Kennewick, Washington to Greenville, North Carolina

Are you ready for a lengthy trek cross country? We are heading from the northwesternmost state in the land to the eastern part of North Carolina, and will take us 5 days to make that trip. This is the perfect summer road trip, if you ask me. The mileage will hit 2810 miles, for a pace of about 67mph, with the first 4 days ending after about 535 miles, with a 10 hour day coming on Sunday. Let’s get to North Carolina by the end of the weekend, shall we?

DAY ONE (Wednesday)

Kennewick, Washington

Sometimes, in the eastern-US focused weather community, we forget that in the summer, that constant thunderstorm threat we are used to just doesn’t exist for a big part of the early summer. Such is the case this week in the Pacific Northwest. Quiet weather will allow us to take in the scenery from Washington, through Oregon and Idaho until we reach Howell, in the Utah panhandle.

DAY TWO (Thursday)
The seasonal monsoon is preparing to develop in the southern Rockies, and indeed some guidance is pointing towards thunderstorms in the Colorado Rockies. Fortunately, we will not be traversing the Colorado Rockies, instead passing through Wyoming before ending up in Bushnell, in far western Nebraska. Rain is not expected to obscure our day.

DAY THREE (Friday)
Nebraska us a long, arduous state to pass through by car, but if you like driving and identifiable benchmarks, then Nebraska is for you. We’re headed off the road for Nebraska City, then south through Iowa and Missouri, where we will stop in St. Joseph. Nebraska is going to be in fine shape. Lingering humidity will likely lead to morning fog, that I would hope will burn off by the time we reach St. Joseph.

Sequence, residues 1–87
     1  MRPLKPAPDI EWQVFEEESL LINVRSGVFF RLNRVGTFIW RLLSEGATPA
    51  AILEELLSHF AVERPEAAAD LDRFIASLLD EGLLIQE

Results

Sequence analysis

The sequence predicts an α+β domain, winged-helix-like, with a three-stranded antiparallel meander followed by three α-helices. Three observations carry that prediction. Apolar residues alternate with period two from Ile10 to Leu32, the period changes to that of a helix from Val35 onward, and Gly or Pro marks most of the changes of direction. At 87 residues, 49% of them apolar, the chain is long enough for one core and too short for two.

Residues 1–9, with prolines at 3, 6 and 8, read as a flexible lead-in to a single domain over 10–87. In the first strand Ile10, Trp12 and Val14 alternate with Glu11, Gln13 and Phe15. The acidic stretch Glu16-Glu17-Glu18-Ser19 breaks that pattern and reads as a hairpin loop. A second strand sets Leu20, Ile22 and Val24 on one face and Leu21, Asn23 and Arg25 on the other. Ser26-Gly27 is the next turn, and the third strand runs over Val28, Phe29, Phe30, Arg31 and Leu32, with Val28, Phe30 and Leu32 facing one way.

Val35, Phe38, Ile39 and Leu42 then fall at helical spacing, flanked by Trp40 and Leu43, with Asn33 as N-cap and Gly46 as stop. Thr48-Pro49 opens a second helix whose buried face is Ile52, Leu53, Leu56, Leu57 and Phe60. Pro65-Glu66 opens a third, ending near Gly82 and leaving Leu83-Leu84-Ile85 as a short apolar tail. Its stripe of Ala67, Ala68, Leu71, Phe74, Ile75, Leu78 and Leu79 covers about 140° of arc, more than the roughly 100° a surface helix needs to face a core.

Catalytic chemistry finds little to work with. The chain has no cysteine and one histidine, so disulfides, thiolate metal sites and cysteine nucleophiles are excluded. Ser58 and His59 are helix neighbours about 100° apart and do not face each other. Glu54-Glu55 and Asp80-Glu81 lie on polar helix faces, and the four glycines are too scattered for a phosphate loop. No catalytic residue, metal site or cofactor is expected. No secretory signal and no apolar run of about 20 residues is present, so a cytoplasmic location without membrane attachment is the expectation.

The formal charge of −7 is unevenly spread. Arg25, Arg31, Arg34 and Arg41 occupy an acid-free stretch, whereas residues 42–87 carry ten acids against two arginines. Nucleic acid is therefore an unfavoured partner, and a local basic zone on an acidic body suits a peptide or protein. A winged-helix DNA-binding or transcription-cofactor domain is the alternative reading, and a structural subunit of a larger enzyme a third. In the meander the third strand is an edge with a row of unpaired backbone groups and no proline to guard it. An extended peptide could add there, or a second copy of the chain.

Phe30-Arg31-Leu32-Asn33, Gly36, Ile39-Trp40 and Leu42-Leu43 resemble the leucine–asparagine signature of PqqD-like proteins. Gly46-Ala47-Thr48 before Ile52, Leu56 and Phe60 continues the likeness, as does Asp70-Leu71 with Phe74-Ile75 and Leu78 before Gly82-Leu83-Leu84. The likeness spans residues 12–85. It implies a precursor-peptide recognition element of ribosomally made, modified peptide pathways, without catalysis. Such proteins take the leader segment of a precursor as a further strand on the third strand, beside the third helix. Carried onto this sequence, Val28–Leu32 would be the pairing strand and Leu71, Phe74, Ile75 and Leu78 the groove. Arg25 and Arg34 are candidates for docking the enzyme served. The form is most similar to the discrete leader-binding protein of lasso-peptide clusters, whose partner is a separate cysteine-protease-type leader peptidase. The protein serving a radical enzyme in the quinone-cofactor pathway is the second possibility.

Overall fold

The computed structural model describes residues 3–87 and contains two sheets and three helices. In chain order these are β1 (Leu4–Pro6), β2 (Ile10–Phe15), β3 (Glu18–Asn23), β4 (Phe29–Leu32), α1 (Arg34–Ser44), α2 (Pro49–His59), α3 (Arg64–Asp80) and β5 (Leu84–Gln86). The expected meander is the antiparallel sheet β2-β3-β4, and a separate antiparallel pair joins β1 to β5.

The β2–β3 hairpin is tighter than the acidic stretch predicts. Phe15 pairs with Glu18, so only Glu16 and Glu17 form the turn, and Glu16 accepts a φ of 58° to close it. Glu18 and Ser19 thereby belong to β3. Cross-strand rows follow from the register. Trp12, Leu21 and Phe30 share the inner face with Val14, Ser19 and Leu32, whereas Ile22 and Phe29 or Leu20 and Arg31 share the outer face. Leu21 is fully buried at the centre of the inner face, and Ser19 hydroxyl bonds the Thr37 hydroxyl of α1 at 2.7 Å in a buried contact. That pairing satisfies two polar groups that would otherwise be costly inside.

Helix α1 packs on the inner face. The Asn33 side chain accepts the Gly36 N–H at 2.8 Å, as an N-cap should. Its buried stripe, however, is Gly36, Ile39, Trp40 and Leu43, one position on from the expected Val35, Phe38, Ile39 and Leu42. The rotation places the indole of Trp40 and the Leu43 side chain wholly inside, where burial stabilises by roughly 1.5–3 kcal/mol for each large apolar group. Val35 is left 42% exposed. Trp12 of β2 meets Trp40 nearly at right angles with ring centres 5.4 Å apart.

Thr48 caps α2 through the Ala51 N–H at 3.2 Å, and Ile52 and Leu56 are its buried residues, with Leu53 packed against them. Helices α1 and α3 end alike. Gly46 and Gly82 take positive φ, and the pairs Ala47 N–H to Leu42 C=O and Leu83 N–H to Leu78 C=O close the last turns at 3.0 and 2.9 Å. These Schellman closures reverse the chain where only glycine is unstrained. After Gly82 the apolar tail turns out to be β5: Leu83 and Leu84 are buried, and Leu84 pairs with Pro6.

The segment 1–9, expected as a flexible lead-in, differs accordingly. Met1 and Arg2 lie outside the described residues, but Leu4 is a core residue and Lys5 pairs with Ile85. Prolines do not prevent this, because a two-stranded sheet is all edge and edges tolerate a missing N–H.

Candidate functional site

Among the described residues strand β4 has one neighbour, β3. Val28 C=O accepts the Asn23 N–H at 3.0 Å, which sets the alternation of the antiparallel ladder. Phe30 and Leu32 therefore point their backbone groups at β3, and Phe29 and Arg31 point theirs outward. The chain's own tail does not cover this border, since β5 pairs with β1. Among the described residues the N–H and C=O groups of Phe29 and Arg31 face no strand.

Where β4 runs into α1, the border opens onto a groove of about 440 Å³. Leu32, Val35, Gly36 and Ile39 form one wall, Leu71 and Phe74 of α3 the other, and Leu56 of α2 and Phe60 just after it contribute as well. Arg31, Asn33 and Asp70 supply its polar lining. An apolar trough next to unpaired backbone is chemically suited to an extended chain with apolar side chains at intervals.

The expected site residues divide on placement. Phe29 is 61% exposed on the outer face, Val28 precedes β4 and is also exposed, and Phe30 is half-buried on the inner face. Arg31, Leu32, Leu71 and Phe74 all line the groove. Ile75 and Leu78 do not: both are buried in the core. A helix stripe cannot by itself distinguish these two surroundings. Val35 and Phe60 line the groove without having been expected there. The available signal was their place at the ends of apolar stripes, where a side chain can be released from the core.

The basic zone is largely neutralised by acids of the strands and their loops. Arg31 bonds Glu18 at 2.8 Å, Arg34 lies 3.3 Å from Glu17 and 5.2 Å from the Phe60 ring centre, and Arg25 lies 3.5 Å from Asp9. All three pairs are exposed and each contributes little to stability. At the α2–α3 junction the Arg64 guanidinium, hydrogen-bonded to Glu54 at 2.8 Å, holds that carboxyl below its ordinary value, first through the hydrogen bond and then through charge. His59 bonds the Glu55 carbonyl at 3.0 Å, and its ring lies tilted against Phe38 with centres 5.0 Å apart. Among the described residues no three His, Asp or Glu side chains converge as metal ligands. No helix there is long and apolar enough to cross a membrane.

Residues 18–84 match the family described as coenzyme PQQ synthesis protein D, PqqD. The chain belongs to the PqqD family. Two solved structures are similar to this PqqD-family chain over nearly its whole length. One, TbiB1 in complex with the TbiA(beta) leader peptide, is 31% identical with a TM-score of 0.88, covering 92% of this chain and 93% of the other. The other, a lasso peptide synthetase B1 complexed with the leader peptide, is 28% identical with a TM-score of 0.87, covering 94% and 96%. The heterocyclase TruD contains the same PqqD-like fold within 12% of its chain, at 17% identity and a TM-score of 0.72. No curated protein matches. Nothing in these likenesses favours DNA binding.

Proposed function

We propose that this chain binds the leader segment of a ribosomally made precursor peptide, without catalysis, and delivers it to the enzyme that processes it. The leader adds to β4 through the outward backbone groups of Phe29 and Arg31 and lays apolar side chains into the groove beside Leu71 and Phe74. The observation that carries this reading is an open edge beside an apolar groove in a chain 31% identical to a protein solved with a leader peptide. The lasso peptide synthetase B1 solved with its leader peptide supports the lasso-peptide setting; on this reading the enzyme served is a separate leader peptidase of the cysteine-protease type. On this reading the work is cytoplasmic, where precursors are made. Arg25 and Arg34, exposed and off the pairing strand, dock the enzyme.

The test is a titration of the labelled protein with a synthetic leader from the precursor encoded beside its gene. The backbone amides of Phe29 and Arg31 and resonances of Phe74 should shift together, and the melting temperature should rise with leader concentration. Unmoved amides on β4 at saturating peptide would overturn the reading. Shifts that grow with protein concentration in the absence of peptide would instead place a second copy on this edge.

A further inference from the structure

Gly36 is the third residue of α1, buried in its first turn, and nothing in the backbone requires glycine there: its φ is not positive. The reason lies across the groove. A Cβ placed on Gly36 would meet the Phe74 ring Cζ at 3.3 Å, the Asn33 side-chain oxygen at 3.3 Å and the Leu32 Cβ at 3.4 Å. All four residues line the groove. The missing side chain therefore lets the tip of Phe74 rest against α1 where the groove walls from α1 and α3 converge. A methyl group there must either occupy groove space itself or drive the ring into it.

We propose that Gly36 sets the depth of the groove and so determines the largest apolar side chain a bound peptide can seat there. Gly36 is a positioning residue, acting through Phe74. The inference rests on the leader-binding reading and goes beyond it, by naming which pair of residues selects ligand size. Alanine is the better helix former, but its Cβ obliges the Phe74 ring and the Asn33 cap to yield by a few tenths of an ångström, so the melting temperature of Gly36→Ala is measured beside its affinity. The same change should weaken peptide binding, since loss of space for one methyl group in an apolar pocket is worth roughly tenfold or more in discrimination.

DAY FOUR (Saturday)
A slow moving, lingering trough extending into the Ohio Valley will make things a bit drearier on Saturday. By the time we reach southern Illinois, clouds with a stray sprinkle will become increasingly likely, with a rogue stroke of lightning not out of the questions. This will continue eastward, as we call it a day in Carefree, Indiana, which is west of Louisville.

DAY FIVE (Sunday)
It’s just the time of year, but more wet weather will be possible on either side of the Appalachian range, but with low pressure developing in the Great Lakes, the better chance for rain or even a rogue thunderstorm will come up in eastern Kentucky and before we reach Charleston in West Virginia. There will be a healthy rain shadow in North Carolina, but we are headed far enough east, some oceanic flow will lead to isolated storms along the coast, including in Greenville, as we arrive, exhausted, at the end of our long day, at the end of our long trip.

Greenville, North Carolina

The north Atlantic is off to a fast start